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#117 Generic Versus Brand Name: The other drug war

Is there any benefit to prescribing brand name medications versus generic brands?

Based on the best available evidence, generic medications are bioequivalent and produce similar clinical outcomes to brand name medications. 

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  • Regulators require 90% confidence intervals (CI) for the maximum peak concentration (Cmax) and total drug exposure over time (AUC) of generic drug be within limits of 0.80-1.25. 
    • This means the absolute differences in bioequivalence must be ~5-7%. 
  • Between 1996-2007, 2070 single-dose bioequivalence studies showed the average difference in Cmax and AUC was 4.35% and 3.56%, respectively. 
  • 98% of studies showed AUC of generic and innovator products’ differed by <10%. 
  • Generic and brand name levothyroxine have been shown to be bioequivalent.2 
  • One study found that of 42 randomly selected brand-generic drug comparisons, 98% met AUC criteria and 88% met Cmax criteria for bioequivalence.3 
Clinical outcomes (brand name versus generic medications): 
  • Two systematic reviews [38-74 randomized control trials (RCTS)] of cardiovascular medications including anti-hypertensives, statins, anti-platelets, anticoagulants:4,5 
    • Both showed no difference in clinical outcomes. 
    • The largest and most recent SR:5 
      • Composite of soft outcomes (e.g. systolic blood pressure, LDL): no statistical difference. 
      • Major adverse cardiovascular events (MACE) or death (3 RCTs): no statistical difference.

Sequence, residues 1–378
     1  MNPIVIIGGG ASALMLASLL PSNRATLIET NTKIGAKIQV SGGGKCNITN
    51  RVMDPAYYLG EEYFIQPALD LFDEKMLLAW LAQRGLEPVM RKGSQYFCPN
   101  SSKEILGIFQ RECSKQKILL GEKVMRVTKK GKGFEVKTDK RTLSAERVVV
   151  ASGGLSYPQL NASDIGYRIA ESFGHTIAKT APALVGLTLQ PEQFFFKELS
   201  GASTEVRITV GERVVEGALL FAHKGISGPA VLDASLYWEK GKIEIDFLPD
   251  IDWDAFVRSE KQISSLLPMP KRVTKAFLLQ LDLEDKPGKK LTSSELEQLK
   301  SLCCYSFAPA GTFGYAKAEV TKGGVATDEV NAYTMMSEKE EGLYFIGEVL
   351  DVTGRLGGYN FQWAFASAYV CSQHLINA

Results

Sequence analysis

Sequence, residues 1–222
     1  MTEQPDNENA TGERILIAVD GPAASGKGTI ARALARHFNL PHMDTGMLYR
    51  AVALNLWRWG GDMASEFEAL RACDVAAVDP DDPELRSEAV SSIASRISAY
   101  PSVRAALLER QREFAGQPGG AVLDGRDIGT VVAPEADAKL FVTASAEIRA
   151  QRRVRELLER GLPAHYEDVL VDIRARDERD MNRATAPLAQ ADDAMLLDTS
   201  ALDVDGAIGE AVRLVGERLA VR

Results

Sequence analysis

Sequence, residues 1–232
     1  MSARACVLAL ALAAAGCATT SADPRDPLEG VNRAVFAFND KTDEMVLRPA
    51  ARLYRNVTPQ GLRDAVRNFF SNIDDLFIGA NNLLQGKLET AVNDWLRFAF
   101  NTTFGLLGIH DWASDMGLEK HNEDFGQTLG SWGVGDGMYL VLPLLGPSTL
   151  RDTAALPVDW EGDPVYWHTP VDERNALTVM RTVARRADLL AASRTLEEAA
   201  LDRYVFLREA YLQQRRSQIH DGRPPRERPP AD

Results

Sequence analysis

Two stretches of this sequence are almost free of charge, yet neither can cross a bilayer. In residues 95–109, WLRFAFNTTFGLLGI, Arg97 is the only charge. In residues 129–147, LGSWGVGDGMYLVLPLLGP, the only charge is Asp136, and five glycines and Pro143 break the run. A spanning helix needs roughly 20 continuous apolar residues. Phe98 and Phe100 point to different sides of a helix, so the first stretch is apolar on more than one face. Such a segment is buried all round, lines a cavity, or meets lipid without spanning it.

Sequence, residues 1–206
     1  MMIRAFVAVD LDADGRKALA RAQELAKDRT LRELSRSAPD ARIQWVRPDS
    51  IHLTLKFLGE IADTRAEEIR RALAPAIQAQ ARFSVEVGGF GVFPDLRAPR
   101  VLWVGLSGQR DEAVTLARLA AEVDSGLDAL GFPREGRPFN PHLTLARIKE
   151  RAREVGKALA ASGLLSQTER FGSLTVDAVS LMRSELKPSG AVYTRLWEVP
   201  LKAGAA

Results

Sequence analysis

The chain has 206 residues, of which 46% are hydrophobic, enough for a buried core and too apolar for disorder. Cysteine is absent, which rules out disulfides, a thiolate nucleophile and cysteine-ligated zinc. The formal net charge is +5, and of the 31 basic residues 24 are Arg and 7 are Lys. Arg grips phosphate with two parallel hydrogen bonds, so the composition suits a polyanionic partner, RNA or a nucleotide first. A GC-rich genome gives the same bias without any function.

• Adverse effects 
        • Mild/moderateno difference. 
        • Serious: no difference. 
  • Systematic review of warfarin:6 
    • Five trials (higher level evidence): No statistically significant difference in INR or dosage changes required. 
    • Six observational studies (lower level evidence): Inconsistent results at higher risk of bias.   
  • Systematic review of clopidogrel (3 studies, mixed design) 7. For RCT datano differences observed for: 
    • MACE: 5% versus 4% generic, no statistical difference. 
    • Bleeding: 2% versus 1%, no statistical difference. 
    • Withdrawal: 4% versus 7%, no statistical difference. 
  • Systematic review of antiepileptic drugs (7 RCT, 204 patients)8 
    • Uncontrolled seizures: no difference.
  • Of 43 editorials on generic medication issues, 23 (53%) expressed a negative view of generic substitution,4 while only 8% of trials found any differences in any outcomes.4 
  • If there were important clinical differences between generic and brand name medicationscompanies would do studies to prove brand name superiority and prevent losing millions of dollars from generic substitution.   
    • In fact, one company tried to suppress data demonstrating equivalence of its product and related generics.9 
  • Brand name and generic medications may contain different inactive components (fillers and binders) and may look different. 

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  • G. Michael Allan MD CCFP
  • James McCormack BSc(Pharm) PharmD
  • John T Chmelicek MD CCFP FAAFP FAWM
  • Samantha Moe PharmD

1. Davit BM, Nwakama PE, Buehler GJ, et al. Ann Pharmacotherapy. 2009; 43:1583-97.

2. Dong BJ, Hauck WW, Gambertoglio JG, et al. JAMA. 1997; 277:1205-13.

3. Hammami MM, De Padua SJS, Hussein R, et al. BMC Pharmacol Tox 2017; 18:78.

4. Kesselheim AS, Misono AS, Lee JL, et al. JAMA. 2008; 300:2514-26.

5. Manzoli L, Flacco ME, Boccia S, et al. Eur J Epidemiol 2016; 31 (4): 351-68.

6. Dentali F, Donadini MP, Clark N, et al. Pharmacotherapy. 2011; 31(4):386-93.

7. Caldeira D, Fernandes RM, Costa J, et al. J Cardiovasc Pharmcol 2013; 61(4): 277-82.

8. Kesselheim AS, Stedman MR, Bubrick EJ, et al. Drugs 2010; 70(5): 605-21.

9. Myths and Facts About Generic Drugs. (accessed June 10, 2014)

Authors have no conflicts to disclose.